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All of Us Will Die — But Not All of Us are Living


Another shooting on a college campus – and this one allegedly targeted Christians. Chris Harper-Mercer, the killer in last Thursday’s mass murder at Umpqua Community College in Roseburg, Oregon, apparently asked students if they were Christians before gunning them down. The father of a survivor, Stacy Boylan, told CNN News that Mercer ordered students to stand up and then asked if they were believers. “And they would stand up and he said, ‘Good, because you’re a Christian, you’re going to see God in just about one second.’ And then he shot and killed them,” Boylan reported. 

Nine people were wounded and 10 died, including the 26-year old gunman, who apparently committed suicide. My prayers and heart go out to those who senselessly lost a friend or loved one. I also feel a measure of empathy for those who, like Mercer, gather anger like curios and can’t seem to find the way out to peace. The church must be a light during these dark times.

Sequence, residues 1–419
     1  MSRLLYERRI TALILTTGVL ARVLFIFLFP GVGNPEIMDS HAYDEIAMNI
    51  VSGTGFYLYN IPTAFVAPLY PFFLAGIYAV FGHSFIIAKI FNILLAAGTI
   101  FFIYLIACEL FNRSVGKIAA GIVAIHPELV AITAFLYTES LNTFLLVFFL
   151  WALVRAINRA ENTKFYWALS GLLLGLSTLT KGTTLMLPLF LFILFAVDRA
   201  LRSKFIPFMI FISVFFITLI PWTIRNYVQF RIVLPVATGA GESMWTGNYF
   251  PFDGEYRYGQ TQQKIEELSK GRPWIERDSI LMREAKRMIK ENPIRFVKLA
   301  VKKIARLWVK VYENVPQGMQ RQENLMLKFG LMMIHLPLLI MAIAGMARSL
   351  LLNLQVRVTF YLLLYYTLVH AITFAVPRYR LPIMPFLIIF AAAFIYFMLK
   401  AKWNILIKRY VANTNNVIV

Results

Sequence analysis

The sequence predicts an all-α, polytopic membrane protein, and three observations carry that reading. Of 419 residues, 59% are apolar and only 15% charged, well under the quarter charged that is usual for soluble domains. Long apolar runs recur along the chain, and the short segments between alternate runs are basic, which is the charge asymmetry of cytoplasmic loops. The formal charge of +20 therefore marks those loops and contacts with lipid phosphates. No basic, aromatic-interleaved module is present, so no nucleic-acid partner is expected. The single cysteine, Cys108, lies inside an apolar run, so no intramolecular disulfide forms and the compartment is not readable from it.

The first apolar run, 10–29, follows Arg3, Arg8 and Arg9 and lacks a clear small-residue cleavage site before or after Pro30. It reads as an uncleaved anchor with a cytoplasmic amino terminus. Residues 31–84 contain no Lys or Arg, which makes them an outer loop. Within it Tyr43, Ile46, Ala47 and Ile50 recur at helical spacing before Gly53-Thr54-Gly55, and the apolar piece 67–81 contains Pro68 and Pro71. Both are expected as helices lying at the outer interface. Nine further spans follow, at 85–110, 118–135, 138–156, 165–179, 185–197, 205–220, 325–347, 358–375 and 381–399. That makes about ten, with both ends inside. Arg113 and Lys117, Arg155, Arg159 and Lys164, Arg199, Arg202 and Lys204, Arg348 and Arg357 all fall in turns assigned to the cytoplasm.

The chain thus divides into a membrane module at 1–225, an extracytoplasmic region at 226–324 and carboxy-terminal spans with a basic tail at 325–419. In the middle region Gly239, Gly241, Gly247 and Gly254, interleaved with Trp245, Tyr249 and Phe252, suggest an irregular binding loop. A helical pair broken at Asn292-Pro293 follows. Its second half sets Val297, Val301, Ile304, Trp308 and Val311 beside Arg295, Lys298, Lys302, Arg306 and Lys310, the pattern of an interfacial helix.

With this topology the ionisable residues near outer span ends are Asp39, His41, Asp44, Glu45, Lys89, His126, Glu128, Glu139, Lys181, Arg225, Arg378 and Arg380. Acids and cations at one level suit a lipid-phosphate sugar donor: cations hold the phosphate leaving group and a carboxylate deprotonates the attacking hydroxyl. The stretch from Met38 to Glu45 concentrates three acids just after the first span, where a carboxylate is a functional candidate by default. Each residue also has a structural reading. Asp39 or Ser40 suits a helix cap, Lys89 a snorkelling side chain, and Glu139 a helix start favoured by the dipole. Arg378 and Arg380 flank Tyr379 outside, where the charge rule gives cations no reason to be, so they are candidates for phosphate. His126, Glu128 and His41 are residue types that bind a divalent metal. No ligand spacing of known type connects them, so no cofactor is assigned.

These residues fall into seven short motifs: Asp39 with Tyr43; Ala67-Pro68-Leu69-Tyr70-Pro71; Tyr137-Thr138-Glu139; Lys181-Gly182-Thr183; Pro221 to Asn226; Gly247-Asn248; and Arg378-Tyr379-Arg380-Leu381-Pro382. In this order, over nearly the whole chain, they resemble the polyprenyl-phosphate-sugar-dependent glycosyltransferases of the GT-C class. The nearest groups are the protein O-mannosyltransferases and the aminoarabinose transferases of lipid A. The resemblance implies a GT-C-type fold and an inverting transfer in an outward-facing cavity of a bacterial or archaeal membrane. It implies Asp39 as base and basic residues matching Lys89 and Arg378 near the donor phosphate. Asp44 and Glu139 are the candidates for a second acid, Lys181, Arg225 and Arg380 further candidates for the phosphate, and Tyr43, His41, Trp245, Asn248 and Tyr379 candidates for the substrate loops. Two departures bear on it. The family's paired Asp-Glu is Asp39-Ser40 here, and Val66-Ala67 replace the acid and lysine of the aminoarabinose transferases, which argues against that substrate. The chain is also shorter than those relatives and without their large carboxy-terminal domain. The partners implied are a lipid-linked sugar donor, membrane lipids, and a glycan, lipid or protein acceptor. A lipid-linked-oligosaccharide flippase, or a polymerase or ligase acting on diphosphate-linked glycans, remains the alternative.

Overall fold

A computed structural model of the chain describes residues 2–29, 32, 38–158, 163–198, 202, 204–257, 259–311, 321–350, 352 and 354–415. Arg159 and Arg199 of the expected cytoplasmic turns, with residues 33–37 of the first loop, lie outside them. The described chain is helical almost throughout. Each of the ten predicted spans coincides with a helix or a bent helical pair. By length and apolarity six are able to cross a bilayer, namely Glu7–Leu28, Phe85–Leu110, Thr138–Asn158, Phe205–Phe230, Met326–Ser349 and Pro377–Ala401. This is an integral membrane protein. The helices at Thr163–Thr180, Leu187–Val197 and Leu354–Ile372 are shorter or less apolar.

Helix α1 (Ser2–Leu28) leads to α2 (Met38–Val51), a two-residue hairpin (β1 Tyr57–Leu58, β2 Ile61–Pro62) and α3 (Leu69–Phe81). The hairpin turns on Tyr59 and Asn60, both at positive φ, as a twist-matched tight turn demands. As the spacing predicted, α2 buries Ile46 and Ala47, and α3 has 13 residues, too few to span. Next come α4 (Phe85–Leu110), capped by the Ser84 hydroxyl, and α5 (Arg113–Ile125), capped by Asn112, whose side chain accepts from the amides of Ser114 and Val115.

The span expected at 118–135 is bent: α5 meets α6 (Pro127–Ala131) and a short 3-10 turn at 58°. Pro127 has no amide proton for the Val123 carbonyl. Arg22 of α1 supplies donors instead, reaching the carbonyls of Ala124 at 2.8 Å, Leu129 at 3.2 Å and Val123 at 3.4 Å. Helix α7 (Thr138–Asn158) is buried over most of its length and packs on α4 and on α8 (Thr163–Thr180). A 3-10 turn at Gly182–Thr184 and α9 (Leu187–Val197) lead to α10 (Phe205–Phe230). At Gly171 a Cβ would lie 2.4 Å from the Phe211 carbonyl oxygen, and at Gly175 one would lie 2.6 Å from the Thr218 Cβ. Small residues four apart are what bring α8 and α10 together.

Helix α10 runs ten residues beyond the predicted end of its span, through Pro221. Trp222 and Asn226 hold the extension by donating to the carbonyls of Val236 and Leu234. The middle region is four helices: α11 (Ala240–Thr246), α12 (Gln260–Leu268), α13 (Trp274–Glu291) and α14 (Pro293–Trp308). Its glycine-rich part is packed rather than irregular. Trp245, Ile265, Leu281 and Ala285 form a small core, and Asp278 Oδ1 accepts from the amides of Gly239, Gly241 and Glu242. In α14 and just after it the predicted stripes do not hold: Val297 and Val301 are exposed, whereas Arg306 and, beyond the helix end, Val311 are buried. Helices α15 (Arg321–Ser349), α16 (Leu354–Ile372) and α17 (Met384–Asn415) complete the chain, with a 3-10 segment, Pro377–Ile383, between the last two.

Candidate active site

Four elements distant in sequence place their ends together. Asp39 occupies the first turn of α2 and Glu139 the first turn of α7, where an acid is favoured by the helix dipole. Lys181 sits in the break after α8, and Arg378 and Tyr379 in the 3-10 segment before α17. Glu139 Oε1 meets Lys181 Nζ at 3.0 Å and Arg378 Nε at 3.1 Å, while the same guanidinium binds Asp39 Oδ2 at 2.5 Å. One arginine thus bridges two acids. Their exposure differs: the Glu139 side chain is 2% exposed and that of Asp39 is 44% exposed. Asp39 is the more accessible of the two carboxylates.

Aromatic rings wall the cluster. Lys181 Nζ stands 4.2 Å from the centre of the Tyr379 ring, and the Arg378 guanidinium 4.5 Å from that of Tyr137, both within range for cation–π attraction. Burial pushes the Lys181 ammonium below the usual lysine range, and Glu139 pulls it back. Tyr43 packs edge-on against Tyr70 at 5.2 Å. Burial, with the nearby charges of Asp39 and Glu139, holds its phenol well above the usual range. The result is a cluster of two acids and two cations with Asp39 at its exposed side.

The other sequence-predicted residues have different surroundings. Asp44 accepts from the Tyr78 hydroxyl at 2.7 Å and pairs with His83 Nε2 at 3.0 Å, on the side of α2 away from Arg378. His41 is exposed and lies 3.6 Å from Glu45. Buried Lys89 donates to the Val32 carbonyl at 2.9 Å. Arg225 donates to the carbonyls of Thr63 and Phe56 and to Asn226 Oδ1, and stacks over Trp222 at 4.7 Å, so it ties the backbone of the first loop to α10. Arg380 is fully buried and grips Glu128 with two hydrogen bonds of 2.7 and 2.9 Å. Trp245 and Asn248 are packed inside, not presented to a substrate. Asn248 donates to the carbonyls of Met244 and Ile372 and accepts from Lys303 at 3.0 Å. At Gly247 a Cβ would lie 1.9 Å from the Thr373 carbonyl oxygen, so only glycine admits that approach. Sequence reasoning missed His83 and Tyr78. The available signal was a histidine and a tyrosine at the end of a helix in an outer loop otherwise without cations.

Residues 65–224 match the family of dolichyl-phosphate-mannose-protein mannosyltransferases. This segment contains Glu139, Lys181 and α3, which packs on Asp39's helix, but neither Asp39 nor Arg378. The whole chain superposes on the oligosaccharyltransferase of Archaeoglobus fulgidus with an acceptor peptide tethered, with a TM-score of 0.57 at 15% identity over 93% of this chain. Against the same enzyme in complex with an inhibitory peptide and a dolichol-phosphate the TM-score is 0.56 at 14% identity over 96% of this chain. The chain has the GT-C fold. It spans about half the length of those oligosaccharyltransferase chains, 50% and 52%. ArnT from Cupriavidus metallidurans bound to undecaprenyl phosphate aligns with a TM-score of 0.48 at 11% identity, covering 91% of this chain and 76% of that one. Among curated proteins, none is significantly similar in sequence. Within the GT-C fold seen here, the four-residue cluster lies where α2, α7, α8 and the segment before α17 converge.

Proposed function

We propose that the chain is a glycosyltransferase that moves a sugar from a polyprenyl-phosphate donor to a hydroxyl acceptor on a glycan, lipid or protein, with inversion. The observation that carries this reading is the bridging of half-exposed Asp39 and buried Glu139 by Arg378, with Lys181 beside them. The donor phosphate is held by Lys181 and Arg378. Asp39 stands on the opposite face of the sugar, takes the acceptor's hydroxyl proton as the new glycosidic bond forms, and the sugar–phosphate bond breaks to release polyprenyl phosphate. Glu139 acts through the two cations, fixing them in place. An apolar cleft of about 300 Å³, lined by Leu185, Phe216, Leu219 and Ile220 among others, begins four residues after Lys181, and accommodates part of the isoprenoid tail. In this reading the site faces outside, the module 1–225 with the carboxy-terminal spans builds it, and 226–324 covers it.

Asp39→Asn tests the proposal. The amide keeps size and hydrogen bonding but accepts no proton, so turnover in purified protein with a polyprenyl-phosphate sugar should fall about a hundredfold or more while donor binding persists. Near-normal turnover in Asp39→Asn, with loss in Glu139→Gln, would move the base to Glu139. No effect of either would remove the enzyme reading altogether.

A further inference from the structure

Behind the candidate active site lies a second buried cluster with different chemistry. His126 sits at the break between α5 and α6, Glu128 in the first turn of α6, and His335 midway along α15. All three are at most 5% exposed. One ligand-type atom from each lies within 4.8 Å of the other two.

After such a tragedy in which Christians are coerced to put their faith on the line, I think it’s only natural that we wonder, “Would I confess Jesus at the point of a gun? Or would I wimp out to save my life?”

It reminds me of the old, heavy-handed illustration of a group of gunmen bursting into a crowded church on Sunday morning.  They shout that anyone who stays is going to take a bullet for Christ. Most of the congregation rushes for the doors. Only a handful stay. The gunmen pull off their masks and say to the preacher, “Now that all the hypocrites are gone, Pastor, you can start the service.”

live for christMost of us will not have to face such horrific circumstances, so I think pondering such theoretical situations aren’t all that helpful. Besides, the Bible doesn’t seem all that concerned with us answering the question, “Would I die for Christ?” But having read the scriptures many times, I can’t escape the nagging question, “Am I living for Christ now?”

“…live in order to please God… (I Thessalonians 4:1)

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